Here Lies Joe (2016)
Director: Mark Battle
Screenwriter: Mark Battle & Pamela Conway
Starring: Dean Temple, Andi Morrow, Timothy J Cox, Mary Hronicek, J P Valenti, Kristie Stumpf Rork
Poignant and thought-provoking, Here Lies Joe tackles an issue ever at the forefront of the public eye, but rarely dealt with in such a consciously raw way.
The film opens with several close ups of a man attempting to kill himself through suffocation in his car. It quickly cuts to a suicide awareness group where the protagonist, Joe, finds himself. At the group he meets Z, a young woman who sparks a connection with Joe that looks set to change both of their lives forever.
The cinematography in Here Lies Joe is fantastic. The mise-en-scene is perfectly choreographed, and each shot is carefully mapped out. The tone of the film is transferred to the viewer from the off, and the disembodied, expansive shots add to the feeling of solitude and desperation that accompany suicide. It’s a raw story, and the camerawork adds to this.
The location of the film furthers the quest of the filmmakers to mimic the loneliness of suicide. There are no extras, and the scenes take place in sprawling environments; including a graveyard and an underpass. To think America is such a large place, to have the only characters on screen be those affected by suicidal idealization gives the impression that they are the only ones in the world; almost as though they are in some kind of limbo, trapped between killing themselves and hanging on.
The film is largely without soundtrack – aside from two diegetic songs played by the characters, and another lilting, haunting indie hit at the end. The birdsong that peppers the film carries the silence and adds to the emptiness felt throughout. The beauty of the birdsong is not an accidental irony, it is delicately placed to showcase the beauty of life – and goes by unheard by the characters that perpetuate the world of the film.
Dean Temple’s portrayal of Joe is moving and accurate for a man at his wit’s end. The performance is subtle and nuanced, and eruditely conveys the feelings of a man who has given up on everything. Andi Morrow’s Z is the classic manic-pixie-dream-girl, a breath of fresh air in the stilted, stagnant sadness that Joe’s life has become. Her performance is characterized by heavy kinetics, and sprawling movements, compared to Temple’s stillness. The pair complement one another effectively, and show us the yin and the yang of suicide through how her frenetic nature juxtaposes his stoicism. Their kindred nature goes against every belief that suicide is a lonely place meant to be traversed alone.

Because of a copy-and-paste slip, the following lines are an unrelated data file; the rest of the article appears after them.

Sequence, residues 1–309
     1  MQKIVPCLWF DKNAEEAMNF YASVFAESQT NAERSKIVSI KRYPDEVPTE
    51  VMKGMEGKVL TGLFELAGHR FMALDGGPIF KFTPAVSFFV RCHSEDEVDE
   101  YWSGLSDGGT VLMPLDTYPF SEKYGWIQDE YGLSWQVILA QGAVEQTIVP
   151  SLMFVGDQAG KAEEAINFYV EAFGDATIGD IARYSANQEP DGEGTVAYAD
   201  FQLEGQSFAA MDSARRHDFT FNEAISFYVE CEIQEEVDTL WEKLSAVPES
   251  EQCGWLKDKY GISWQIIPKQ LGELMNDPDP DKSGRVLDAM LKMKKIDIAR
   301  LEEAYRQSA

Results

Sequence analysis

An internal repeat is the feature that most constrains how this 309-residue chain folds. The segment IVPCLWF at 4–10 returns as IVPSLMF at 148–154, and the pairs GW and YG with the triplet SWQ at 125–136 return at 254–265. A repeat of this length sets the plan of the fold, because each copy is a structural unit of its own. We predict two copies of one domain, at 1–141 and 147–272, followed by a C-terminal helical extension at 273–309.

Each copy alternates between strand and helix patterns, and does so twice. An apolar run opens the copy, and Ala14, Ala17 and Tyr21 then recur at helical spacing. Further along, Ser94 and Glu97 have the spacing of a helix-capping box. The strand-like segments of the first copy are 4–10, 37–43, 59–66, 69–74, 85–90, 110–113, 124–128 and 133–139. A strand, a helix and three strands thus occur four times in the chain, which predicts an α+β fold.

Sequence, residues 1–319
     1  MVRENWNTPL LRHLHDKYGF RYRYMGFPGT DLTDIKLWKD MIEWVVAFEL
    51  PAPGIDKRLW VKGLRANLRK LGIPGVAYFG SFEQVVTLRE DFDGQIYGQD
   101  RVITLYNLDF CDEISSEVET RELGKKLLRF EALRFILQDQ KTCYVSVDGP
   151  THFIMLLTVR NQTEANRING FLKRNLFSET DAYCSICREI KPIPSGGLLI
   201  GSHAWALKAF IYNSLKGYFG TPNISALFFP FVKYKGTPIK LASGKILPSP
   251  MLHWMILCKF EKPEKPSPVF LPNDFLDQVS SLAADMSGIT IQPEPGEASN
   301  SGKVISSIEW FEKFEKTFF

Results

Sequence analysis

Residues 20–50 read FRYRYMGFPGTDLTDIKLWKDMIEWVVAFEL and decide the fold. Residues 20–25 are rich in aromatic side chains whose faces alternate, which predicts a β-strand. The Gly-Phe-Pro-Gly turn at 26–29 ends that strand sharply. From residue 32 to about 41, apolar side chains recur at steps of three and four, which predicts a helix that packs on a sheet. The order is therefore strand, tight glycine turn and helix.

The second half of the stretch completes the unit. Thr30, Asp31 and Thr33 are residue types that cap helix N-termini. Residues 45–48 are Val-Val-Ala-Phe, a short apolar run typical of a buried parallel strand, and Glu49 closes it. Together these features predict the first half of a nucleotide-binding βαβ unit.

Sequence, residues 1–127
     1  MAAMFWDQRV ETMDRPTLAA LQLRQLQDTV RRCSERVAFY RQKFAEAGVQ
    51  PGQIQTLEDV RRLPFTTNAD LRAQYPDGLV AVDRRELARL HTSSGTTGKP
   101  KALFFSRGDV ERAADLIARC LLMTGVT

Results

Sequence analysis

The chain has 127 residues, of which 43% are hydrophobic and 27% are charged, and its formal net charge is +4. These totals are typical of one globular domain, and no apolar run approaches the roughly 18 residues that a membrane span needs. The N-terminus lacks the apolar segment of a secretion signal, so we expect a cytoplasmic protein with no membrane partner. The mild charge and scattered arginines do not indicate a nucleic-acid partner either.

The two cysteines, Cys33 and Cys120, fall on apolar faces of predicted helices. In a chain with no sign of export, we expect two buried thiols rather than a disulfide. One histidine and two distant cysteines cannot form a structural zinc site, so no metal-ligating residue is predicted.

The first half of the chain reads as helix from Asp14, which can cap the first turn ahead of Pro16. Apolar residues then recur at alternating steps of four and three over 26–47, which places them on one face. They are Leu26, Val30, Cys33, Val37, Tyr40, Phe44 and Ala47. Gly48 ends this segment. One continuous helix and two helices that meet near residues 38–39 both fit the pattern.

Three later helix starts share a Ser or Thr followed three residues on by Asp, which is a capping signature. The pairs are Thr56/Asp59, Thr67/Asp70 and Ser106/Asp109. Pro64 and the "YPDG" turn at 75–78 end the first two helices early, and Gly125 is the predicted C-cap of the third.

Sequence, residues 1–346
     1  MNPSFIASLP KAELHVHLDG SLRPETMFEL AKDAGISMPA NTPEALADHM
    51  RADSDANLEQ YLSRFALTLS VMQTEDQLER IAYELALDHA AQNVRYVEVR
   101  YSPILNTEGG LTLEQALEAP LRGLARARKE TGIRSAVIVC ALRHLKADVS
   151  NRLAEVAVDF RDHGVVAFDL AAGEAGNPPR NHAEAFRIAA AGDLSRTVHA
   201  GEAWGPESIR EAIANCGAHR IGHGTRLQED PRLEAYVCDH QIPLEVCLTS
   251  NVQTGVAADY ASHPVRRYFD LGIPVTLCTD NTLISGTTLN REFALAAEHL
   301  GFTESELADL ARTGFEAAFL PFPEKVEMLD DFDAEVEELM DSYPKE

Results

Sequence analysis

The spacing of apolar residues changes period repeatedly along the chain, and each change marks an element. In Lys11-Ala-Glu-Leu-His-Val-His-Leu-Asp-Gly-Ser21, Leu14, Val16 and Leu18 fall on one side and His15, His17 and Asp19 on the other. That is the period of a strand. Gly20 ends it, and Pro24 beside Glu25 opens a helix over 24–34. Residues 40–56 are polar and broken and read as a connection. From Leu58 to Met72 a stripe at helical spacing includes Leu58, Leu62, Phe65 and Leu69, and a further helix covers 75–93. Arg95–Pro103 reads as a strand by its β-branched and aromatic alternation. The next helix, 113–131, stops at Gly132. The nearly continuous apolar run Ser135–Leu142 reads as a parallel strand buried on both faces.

The supporting characters of the film come in the shape of the other members of the suicide awareness group. The scene plays as a dark comedy – they talk about overdosing on multi-vitamins, of having a clinically depressed goldfish, and of redrafting a suicide note. The scene is dark comedy at its finest, and played completely straight enough by the actors to result in tastefulness over vulgarity.
The only criticism that can be leveled at the film – and it’s not one that films of its ilk are unfamiliar with – is the characterization. The film ends with Joe being neither a sympathetic nor likeable character. He was just there. Perhaps this was the intention – to speak metaphorically about the suicide theme. Temple’s listless, defeated portrayal worked perfectly, and the actor did his utmost to bring the character to life. But Joe, as a character, had very little to offer. Or perhaps the lofty concept took over the character. Z, while more of a sympathetic and likable character, often straddled the line of manic-pixie-girl whose presence existed solely to personify the inner feelings of the male lead; though this was a very delicate straddling and veered away from it more often than not.
The film, overall, deals with a subject that is almost taboo to talk about – which probably inherently adds to the problem – and allows us to view a morbid and tragic concept through a fresh lens. At one point in the film Z refers to a statue in the graveyard as “perfectly morose”, and that itself is an apt way of describing the film. Here Lies Joe tackles suicide without romanticizing it, and suggests that life does go on. The subject is hit with a sledgehammer, but we are able to extract something very delicate from the fragments. Overall, Mark Battle’s movie is a very poignant take on what could potentially be a very vulnerable subject.
‘Here Lies Joe’ was brought to our attention by one of its actors, Timothy J Cox (@TimothyJCoxAct). You can support this film at the following links:
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